Heat shrink-able plastic tubing is used in a variety of industries and can be made from many types of plastic. Basically the tubing is heated with internal pressure and then cooled while maintaining the pressure. Once cooled the diameter remains expanded. If the tubing is then heated at or above the temperature that it was expanded at, it will shrink back to its original diameter.
The generic industrial heat-shrink tubing is relatively easy to make from a cross-linked polymer or any material that gains strength when stretched. A rubber band is easy to stretch until it reaches its limit and then it gets much stiffer. Many polymer materials are in this category and called “FREE-EXPANDING”, because they can be expanded without any external diameter constraint during the process. Some other common polymer materials in this category are: Polyester, polyethylene, PVDF ( Kynar), etc.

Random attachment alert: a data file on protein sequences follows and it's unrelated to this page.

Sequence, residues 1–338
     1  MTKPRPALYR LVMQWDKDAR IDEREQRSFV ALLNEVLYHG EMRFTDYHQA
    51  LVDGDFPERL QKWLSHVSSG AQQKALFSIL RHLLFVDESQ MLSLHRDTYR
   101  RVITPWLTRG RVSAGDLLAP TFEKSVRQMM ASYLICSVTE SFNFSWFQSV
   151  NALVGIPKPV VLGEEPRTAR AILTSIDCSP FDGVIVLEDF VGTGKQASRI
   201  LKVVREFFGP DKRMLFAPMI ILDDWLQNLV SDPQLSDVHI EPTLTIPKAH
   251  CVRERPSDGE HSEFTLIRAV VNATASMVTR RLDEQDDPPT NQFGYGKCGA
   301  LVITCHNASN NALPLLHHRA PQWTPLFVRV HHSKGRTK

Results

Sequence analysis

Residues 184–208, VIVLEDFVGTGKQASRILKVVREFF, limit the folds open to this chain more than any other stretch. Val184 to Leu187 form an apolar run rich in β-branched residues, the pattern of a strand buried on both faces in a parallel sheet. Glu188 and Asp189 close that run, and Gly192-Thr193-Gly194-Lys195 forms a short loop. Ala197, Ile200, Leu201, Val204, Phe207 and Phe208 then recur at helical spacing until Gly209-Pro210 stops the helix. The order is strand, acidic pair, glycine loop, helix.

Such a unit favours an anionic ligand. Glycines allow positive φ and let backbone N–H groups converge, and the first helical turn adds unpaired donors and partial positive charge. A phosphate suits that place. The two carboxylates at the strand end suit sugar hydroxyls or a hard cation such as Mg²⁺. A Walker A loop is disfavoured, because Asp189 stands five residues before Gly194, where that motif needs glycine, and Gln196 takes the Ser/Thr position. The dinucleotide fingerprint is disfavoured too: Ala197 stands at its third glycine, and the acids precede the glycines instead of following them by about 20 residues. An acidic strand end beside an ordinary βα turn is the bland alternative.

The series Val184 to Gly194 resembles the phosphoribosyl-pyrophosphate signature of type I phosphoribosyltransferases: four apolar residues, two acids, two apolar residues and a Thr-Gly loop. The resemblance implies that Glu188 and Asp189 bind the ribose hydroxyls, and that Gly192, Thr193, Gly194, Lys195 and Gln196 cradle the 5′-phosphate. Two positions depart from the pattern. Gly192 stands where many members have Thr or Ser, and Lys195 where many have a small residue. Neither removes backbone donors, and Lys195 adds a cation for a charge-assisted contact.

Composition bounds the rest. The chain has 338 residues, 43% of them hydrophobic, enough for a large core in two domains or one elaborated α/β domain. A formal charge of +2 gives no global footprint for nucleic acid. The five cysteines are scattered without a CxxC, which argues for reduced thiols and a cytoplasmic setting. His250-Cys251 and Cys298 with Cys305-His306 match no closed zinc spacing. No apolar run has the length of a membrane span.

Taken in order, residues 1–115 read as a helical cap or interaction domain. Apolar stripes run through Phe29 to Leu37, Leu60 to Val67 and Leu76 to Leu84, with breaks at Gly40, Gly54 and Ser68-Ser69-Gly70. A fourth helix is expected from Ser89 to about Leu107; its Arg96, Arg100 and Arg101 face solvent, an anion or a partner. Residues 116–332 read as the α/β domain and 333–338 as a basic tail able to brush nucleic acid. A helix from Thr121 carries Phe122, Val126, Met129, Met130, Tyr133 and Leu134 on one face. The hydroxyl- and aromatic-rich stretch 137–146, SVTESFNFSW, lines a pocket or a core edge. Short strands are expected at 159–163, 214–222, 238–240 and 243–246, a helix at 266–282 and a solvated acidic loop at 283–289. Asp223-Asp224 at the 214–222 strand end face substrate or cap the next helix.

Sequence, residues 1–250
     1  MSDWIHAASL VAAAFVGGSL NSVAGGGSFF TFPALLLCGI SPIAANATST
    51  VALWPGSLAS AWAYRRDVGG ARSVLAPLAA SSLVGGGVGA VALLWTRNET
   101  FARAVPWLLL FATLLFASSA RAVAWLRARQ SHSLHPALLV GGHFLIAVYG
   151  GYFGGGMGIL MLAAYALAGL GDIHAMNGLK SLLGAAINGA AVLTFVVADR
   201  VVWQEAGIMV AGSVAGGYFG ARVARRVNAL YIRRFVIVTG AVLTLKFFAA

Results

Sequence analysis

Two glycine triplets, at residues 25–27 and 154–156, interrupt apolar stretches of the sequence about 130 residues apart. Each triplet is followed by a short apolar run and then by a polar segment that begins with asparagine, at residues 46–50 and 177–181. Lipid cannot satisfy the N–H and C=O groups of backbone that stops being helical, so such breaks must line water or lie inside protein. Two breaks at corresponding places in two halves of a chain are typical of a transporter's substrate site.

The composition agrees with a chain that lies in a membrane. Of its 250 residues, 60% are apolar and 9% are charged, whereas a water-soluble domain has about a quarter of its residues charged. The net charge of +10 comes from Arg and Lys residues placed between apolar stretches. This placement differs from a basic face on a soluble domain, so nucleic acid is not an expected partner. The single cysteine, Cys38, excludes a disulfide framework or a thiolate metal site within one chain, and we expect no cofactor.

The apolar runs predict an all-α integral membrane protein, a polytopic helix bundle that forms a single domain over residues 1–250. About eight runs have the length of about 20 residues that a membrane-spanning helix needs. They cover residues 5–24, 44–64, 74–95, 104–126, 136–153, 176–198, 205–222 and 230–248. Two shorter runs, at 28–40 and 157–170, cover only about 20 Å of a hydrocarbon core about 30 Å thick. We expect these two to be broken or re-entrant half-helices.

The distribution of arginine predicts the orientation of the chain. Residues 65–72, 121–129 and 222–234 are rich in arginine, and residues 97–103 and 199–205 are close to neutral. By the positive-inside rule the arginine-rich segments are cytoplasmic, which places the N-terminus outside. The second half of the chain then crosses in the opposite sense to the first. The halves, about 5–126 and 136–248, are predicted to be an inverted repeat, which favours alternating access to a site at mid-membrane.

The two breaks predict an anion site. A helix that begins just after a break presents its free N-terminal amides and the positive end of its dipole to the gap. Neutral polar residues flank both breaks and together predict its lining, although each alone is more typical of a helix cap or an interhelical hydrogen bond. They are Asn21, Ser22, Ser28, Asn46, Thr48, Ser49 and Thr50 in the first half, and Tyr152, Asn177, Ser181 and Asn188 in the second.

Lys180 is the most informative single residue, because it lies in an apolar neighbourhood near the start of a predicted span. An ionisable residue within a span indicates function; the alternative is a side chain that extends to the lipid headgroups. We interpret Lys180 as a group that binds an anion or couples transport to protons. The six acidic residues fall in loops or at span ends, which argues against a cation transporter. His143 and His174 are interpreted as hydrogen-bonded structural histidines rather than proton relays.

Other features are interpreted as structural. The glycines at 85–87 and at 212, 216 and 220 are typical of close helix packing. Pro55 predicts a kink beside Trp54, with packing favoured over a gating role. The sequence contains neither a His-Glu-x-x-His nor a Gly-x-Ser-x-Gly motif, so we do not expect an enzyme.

Common flouropolymer Teflon-like materials are Polytetrafluoroethylene (PTFE) and Fluorinated ethylene propylene (FEP). While they all melt at higher temperatures they all act different when expanding and then recovering (shrinking) in a typical process. They are difficult to make because they lose strength when expanded and must be constrained during the expansion and heating process. If not they will simply blow up. This requires “CONSTRAINED EXPANSION
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EBD has a solution for both types of expansion. Our modular tooling allows for multiple of expanded tube sizes to be run on the same machine. Just let us know what you need!